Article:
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  • Writer's pictureTerry Groves

Changing the Roll

Following along behind my little dog Bear leaves me with a unique perspective on the little guy’s toilet habits. It is likely a perspective that most people would have a hard time appreciating.

Being just a few feet behind him, I have had the opportunity to contemplate one aspect of my life that has never caused him an iota of stress. With all too much frequency, when it is time for me to think about departing the washroom, I make the horrendous discovery that there is only one square of toilet paper left on the roll.

This shouldn’t be an earth shattering event since each of the three bathrooms in our home have plenty of convenient storage space for spare rolls. However, those roll reserves are not self-refilling, someone needs to replace them as they are used.

It isn’t my intention to point fingers or lay blame but one fact that predominates as I review this circumstance is that I only have the odd occasion to use what is dispensed from the roll, most of the time a little shake is all that is required. However, the other major user of this device has need of its product ON EVERY VISIT. This doesn’t leave much wonderment regarding who uses the most and who is likely emptying both the roll and the ever so important reserves.

Anyway, none of this bothers Bear because he seems to possess a self cleaning aspect to that part of his anatomy that he is forever waving in my view. Without being rude, I have tried to figure out how it works but it seems to be one of those doggie secrets. I wonder if there is a scientist somewhere studying the unique qualities of the the canine sphincter (that’s the muscle that keep your backside watertight) with an eye toward improving man’s ability in this area.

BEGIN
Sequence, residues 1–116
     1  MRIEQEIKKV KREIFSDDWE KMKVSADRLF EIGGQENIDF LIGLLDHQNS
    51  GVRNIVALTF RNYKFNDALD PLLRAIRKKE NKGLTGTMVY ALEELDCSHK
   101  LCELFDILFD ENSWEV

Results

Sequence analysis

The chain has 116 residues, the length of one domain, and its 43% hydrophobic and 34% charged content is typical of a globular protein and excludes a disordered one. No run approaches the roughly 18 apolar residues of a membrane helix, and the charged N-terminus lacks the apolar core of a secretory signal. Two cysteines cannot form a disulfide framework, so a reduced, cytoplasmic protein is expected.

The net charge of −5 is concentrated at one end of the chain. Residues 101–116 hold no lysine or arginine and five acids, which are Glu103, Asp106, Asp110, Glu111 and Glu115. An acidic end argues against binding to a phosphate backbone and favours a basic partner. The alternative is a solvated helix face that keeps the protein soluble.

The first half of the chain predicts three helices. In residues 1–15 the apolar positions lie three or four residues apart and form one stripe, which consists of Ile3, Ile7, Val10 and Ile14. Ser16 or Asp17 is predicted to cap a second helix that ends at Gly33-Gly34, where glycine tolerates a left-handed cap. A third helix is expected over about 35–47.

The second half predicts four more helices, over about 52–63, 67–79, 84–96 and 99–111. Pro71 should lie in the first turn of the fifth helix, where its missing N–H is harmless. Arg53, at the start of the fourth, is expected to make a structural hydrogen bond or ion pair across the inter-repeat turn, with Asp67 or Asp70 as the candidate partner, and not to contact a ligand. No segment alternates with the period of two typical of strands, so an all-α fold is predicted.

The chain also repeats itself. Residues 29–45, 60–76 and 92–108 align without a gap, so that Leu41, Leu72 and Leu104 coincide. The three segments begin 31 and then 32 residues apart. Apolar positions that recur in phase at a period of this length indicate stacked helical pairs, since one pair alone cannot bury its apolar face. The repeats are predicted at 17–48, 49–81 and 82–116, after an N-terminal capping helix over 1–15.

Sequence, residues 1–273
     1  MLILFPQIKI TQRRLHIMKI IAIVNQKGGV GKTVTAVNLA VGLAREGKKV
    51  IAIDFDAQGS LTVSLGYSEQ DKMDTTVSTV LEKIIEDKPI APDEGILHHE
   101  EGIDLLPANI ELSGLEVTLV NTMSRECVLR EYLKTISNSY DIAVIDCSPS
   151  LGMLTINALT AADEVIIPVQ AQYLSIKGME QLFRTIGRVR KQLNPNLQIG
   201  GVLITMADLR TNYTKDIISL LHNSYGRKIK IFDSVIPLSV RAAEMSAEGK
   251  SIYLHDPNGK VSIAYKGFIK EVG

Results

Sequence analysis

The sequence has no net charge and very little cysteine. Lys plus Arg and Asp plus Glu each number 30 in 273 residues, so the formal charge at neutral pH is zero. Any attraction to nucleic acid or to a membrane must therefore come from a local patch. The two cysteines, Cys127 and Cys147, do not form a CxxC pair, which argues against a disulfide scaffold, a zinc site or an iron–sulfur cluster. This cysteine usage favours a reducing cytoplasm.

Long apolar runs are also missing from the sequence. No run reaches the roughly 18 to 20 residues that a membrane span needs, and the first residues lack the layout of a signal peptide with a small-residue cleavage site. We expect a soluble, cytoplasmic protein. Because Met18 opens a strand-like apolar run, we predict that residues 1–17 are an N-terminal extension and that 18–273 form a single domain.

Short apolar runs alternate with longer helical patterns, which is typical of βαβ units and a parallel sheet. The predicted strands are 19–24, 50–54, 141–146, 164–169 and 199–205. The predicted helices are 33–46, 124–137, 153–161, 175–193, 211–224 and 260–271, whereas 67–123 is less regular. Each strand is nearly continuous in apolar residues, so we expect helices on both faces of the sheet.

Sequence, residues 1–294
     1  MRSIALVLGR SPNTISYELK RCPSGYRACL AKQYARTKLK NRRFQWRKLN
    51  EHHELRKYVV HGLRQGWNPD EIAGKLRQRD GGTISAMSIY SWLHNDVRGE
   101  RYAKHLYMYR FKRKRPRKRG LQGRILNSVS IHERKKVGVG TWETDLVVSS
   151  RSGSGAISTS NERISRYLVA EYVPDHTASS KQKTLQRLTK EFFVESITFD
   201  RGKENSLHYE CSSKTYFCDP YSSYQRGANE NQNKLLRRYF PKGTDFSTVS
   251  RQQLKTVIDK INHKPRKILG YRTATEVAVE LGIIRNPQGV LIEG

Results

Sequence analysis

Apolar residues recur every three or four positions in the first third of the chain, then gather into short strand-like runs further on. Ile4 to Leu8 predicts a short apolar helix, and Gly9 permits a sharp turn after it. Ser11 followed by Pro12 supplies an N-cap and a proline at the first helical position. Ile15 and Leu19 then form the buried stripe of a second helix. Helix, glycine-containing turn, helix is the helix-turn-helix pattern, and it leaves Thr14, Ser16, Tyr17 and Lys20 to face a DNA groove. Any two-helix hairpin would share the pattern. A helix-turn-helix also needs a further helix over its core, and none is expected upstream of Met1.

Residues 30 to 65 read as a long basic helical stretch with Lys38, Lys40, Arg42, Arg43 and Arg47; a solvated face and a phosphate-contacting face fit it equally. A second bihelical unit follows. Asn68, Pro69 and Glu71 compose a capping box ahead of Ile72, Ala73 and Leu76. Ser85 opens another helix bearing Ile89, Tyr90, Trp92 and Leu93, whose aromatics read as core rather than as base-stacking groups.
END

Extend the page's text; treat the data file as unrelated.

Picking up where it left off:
Now, if we were to develop this quality around our toileting habits, we would stand to put some paper producers out of business but we would also significantly reduce the demand for cutting down trees. As well, one of the major social disparities of soviet bloc countries would be eliminated.

But, keeping in mind some of Bear's other habits that are closely related to this topic, we would probably have to develop social rules regarding when it is and isn’t appropriate to drag our butts across our lawns and carpets.

I suppose my having to deal with the occasional lack of dignity as I do the funny shuffle to the main paper supply closet just doesn’t compare with the upheaval that might otherwise result.

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